Co-Op Classics: More Genesis Co-Op Gems

8/22/2009 at 11:00 PM

Last week, we covered the 20th birthday of the Sega Genesis.  The Genesis is one of the best vintage systems there is, and remains popular even now.  Sega ran a poll to decide which Genesis game would be released to Xbox Live Arcade, and the poll is over, with ToeJam and Earl the clear winner.  It's good to know we have some alien two-player co-op in our future.  But let's not forget some other quality Genesis co-op titles of the past.


General Chaos:
 

This game was suggested by a Co-Optimus forum user, who loved the game so much he uses it's name as his own!  General Chaos is a hybrid of sorts, a combination of real time strategy and beat em up.  Up to four players could team up, which was rare for the time.  Players selected squads of troops to control against the computer in a co-op campaign mode.  Humor elements and constant action make General Chaos a standout Genesis title.


Sonic 2:

We all know Sonic, of course.  The spiky blue varmint became Sega's mascot, and is still popular to this day.  In Sonic 2, the hedgehog was joined by a new character, Tails, a flying fox with two... er... tails.  Two could play together at the same time, which was innovative for aplatformer.  (Sonic did it way before Mario!)  Sonic's extreme speed made the two player mode a bit clunky, but still, sharing Sonic goodness with a friend was a great time.


Lethal Enforcers:

A fine port of the arcade version, Lethal Enforcers came with a fancy blue gun.  An on the rails shooter, Lethal Enforcers put you and a friend in the role of cops on the hunt for criminals.  Just make sure you don't hit other cops, or civilians!  A sequel set in the Old West was also available.  The Lethal Enforcers series is one of the most fondly remembered shooters of the arcade era.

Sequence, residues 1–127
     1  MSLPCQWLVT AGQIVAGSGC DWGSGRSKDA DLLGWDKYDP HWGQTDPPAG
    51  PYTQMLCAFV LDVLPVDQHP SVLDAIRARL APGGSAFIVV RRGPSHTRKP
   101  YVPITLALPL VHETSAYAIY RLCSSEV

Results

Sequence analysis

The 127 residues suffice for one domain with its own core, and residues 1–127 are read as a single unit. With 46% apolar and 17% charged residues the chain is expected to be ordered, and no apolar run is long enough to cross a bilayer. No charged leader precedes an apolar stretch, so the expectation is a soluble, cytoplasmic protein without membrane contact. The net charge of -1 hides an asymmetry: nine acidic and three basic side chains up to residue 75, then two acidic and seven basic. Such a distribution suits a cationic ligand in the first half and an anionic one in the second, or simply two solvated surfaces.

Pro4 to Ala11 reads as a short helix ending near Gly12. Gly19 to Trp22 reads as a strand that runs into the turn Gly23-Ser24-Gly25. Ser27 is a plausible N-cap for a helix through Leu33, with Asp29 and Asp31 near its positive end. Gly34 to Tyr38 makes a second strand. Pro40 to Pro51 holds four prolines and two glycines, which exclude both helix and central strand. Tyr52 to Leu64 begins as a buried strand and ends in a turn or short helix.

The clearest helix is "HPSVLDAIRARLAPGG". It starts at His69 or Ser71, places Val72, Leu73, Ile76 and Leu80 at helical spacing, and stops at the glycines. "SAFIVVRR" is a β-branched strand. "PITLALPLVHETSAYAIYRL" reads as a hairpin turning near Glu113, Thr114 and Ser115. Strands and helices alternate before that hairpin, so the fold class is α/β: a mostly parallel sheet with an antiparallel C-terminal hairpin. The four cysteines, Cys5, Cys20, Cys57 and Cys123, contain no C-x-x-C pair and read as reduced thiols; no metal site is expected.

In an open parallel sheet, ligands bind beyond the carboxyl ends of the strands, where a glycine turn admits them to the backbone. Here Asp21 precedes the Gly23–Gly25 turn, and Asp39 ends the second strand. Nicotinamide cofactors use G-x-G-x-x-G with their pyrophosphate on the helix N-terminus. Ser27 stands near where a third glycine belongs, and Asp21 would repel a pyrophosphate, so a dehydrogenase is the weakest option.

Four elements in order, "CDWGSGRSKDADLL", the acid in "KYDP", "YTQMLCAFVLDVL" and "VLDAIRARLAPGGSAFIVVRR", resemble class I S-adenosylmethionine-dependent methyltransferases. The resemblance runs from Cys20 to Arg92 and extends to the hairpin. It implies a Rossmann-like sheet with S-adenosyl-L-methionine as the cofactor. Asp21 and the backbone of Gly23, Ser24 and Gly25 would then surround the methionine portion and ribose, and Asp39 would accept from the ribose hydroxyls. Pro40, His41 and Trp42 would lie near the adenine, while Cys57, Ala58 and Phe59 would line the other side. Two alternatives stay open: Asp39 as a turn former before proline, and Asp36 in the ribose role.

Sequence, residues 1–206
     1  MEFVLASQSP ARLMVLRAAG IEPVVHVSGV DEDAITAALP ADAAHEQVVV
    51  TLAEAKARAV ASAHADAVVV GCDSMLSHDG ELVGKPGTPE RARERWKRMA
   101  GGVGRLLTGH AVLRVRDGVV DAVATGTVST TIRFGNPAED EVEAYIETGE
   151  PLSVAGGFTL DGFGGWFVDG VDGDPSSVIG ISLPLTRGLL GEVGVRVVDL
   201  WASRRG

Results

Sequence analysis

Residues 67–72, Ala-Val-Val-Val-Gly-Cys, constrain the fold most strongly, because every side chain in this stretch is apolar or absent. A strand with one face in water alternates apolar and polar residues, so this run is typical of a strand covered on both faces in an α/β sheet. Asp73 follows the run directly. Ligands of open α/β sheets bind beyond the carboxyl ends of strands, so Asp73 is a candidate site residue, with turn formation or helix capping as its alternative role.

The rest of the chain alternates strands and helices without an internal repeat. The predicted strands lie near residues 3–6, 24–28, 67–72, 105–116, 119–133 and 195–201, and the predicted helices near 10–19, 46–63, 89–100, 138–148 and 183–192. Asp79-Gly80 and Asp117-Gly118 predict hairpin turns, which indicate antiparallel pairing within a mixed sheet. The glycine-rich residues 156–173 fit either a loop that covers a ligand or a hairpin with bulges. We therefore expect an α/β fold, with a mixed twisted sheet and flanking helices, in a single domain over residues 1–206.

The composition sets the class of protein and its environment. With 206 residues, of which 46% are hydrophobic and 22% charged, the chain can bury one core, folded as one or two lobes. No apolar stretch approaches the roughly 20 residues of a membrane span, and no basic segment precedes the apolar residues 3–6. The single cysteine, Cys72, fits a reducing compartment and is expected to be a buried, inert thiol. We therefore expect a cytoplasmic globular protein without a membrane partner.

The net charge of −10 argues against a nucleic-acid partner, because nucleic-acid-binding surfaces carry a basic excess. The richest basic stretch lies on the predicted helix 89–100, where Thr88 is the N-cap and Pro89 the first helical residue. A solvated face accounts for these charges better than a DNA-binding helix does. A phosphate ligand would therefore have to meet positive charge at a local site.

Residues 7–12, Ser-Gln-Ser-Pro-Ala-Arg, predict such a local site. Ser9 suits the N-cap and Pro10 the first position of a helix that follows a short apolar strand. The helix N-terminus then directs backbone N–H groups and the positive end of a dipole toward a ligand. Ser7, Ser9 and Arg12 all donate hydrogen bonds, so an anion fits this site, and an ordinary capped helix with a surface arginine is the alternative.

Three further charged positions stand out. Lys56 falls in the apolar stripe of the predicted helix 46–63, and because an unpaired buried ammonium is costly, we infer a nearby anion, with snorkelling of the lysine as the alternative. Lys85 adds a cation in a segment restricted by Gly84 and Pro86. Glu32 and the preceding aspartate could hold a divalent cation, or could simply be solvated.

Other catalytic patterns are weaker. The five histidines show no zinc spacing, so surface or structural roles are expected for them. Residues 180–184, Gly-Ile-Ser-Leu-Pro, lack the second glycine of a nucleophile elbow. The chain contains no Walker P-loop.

Cyborg Justice:

Cyborg Justice might seem like an average side scrolling beat em up, but there's much more to it than meets the eye, to steal a phrase from more famous robots.  Players customize their cyborg at the beginning of the game, choosing different parts for
hand, body, and legs.  Not only do the parts looks different, they play differently as well, adding lots of replay value as you and a co-op partner experiment with different builds.


X-Men 2: Clone Wars:

This sweet game was totally under my radar, a fact I'll have to correct soon.  Two players choose their favorite mutant to brawl their way through the Phalanx, a race of alien invaders.  Each mutant had unique powers and attributes, but the best part was playing as Magneto!  No other X-Men game had allowed this at the time.  Like X-Men: The Arcade Game before it and the X-Men Legends series after, X-Men 2 was a fine co-op experience.


Contra: Hard Corps:

It's Contra; really, what more needs to be said?  This was the sixth game in the series.  It's notable for several reasons.  It was the first Contra to allow players to choose a character, ranging from standard soldiers to a small robot and a cyborg werewolf!  Hard Corps also had more of a focus on boss battles than other Contra games.  Contra has long been known for great co-op and Hard Corps is no exception.

Just a few months ago, Sonic's Ultimate Genesis Collection was released, including many of the games featured last week, and this week's Sonic 2.  Clearly, the Genesis had an effect on many gamers in the 90s.  Sega no longer makes consoles, but is one of the most solid publishers in the industry today.  We salute you, Genesis, for your contribution to console gaming, and most especially, for all the lazy days and late nights spent in co-op glory.